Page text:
Seven miles apart after two weeks of racing, leader Thomas Ruyant (LinkedOut) and second placed Charlie Dalin (Apivia) gybe in step with each other as they descend a corridor of modest breeze between the two evolving zones of lighter airs, an 800 nautical mile stairway down to the strong winds of the Southern Ocean.
The leading duo – both racing similarly matched Guillaume Verdier designs - are making around 17-20 kts this morning and gybing to stay in the strongest winds found in the middle of this lane of wind.
Meantime Briton Alex Thomson has become disconnected from this duel, left 270 miles behind the leaders. as he repairs a damaged longitudinal near the bow of HUGO BOSS. Thomson has been making slow speeds, around six knots in light airs in the course direction SE’ly direction overnight but has dropped to fourth behind French veteran Jean Le Cam.
Thomson said last night, “I’m disappointed obviously but this is the Vendée Globe. This is what it entails. You’ve got to be able to deal with this stuff. This is why we carry these materials and tools and why we’re generally very good at being able to deal with these things. Normally I feel angry and sad and emotional but I don’t this time. I just need to get on with it. I’m sure at some point the emotions may go the other way but, for now, there is only one thing to do, and that is to get the job done as best as I possibly can. I will do whatever it takes to stay in the race”.
Amidst the group of seven chasing the leaders eighth placed Boris Herrmann (Seaexplorer-Yacht Club de Monaco) maybe smarting from a loss of 40 miles to fifth placed Kevin Escoffier (PRB) as the leader of this pack emerged into stronger winds to now lead Louis Burton (Bureau Vallée 2) by seventy miles. But the German skipper, sage as ever, expects opportunities to come his way during a challenging week ahead as they too try to break south to the Southern Ocean as efficiently and painlessly as possible.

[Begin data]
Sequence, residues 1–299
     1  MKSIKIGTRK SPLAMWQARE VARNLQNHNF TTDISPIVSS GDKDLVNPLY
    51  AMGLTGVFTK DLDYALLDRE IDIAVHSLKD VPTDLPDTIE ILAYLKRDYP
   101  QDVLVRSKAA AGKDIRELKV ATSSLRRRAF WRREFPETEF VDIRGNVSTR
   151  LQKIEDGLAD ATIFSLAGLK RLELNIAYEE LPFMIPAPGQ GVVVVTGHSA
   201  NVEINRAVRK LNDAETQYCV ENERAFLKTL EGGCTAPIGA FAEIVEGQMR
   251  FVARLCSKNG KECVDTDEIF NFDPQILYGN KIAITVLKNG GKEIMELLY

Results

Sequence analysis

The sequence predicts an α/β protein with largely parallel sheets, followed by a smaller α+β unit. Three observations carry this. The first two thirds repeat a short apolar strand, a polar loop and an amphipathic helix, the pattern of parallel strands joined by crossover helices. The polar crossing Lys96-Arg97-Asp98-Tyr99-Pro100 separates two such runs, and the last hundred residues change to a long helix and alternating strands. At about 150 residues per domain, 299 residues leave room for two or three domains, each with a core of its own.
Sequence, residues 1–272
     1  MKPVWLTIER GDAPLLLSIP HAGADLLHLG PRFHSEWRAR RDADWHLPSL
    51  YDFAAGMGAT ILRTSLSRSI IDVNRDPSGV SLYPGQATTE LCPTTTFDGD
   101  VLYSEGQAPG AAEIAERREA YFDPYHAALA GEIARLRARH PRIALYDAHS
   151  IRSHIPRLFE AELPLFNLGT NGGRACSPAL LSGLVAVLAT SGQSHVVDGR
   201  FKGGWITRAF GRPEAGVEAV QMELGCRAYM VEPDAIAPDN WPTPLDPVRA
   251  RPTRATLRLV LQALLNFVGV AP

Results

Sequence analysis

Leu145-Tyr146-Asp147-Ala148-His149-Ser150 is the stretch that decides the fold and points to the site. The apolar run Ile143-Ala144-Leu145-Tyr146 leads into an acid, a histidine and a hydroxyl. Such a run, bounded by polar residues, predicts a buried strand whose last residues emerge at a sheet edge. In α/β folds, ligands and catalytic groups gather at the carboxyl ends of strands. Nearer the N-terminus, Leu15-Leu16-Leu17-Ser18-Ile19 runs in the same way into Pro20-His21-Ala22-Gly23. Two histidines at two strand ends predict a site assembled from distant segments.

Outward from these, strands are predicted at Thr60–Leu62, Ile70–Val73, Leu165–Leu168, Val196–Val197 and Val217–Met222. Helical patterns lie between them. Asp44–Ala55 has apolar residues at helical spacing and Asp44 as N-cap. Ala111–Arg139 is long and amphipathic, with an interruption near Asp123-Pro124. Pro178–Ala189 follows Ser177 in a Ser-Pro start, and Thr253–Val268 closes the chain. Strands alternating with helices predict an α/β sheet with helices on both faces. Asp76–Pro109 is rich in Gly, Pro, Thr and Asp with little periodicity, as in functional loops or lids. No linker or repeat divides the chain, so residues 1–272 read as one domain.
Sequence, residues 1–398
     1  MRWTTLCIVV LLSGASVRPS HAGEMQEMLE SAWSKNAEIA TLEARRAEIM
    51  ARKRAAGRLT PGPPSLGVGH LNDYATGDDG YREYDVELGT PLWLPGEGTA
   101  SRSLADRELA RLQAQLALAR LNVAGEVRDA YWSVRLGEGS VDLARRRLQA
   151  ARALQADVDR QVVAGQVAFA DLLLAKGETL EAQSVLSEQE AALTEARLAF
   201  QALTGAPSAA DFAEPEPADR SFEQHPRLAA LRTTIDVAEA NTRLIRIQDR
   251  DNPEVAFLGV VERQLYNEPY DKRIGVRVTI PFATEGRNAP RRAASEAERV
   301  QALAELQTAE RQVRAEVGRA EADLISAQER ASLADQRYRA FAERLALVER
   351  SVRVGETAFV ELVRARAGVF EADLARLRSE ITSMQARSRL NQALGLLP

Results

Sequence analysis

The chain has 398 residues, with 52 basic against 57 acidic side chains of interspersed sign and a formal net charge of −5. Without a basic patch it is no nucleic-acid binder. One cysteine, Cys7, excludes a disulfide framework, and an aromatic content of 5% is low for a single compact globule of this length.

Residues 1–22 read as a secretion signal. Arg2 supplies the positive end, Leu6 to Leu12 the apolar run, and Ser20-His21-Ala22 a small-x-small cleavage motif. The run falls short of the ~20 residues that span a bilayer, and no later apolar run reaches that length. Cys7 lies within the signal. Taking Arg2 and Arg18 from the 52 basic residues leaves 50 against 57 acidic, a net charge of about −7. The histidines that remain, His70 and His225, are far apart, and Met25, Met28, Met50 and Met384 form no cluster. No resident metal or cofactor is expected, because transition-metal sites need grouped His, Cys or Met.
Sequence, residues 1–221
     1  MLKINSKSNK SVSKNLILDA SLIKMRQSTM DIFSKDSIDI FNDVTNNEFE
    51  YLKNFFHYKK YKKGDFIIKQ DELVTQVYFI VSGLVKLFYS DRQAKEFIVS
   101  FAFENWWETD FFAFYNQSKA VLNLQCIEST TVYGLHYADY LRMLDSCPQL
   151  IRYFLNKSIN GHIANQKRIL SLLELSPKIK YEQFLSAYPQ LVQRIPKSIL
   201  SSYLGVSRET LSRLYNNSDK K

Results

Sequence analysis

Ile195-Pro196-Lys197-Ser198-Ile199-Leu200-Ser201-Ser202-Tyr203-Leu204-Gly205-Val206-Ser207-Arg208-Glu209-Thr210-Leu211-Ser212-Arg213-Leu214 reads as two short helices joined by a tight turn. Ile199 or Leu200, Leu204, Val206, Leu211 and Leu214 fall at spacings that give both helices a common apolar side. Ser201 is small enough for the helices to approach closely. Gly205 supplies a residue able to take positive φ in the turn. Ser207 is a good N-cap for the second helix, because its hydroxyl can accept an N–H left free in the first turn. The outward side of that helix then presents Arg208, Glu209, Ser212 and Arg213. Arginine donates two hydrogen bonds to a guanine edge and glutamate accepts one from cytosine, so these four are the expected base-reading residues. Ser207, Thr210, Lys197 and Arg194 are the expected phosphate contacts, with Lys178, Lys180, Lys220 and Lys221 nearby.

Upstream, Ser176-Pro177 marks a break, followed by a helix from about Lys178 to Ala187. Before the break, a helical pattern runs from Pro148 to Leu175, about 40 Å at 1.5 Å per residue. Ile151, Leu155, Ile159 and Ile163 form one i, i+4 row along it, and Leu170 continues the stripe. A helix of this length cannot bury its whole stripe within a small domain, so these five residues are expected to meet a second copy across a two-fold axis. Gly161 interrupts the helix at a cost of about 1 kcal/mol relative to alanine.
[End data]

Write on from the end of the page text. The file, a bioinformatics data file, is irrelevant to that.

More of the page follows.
They said on the 0400hrs calls - Boris Herrmann (Seaexplorer-Yacht Club de Monaco): "It has been very light winds since yesterday midday, I was going at a good speed even with my jib top at times and then going to the Code Zero and from midday to midnight I really dropped from 20kts to 3kts of boatspeed. During sunset I was smiling but before that I was biting my nails hoping I would not stop completely, which I didn’t. I had just enough speed to keep the boat pointing in the right direction much more than I had hoped. Tonight I have not had the best of luck going through here, I don’t know why but I lost 40 miles on PRB, he could extend he hit the wind before me and when I was around five knots he was doing 11 for these hours. But is nice to sail along in this group, our race is with this group and it is a nice race. I have lost a few places in this group but I try to make them back each day.
This has been a bit like the Doldrums with changes in wind direction of 30 degrees and big changes in wind strength, but last night it is was completely stable. But I am good, the route is long and there will be many opportunities, it is great to be at sea. There is just this challenge to get through this week with this weather situation to get to the Big South but soon we will be there."
Miranda Merron (Campagne de France) “I am in the Doldrums and they are definitely here which is a shame as the leaders definitely missed out, there are quite a lot of squalls with a lot of rain and then lots of wind and then no wind. It is four o’clock in the morning and I am going to have my dinner now which is chicken Korma as I just have not had time yet as there have been so many sail changes. I am having a lot of fun, I am perfectly happy here. It has been pouring with rain which is good because the boat was covered with a coat of sand from the deserts East of here, but there is a long way to go to get out of here.”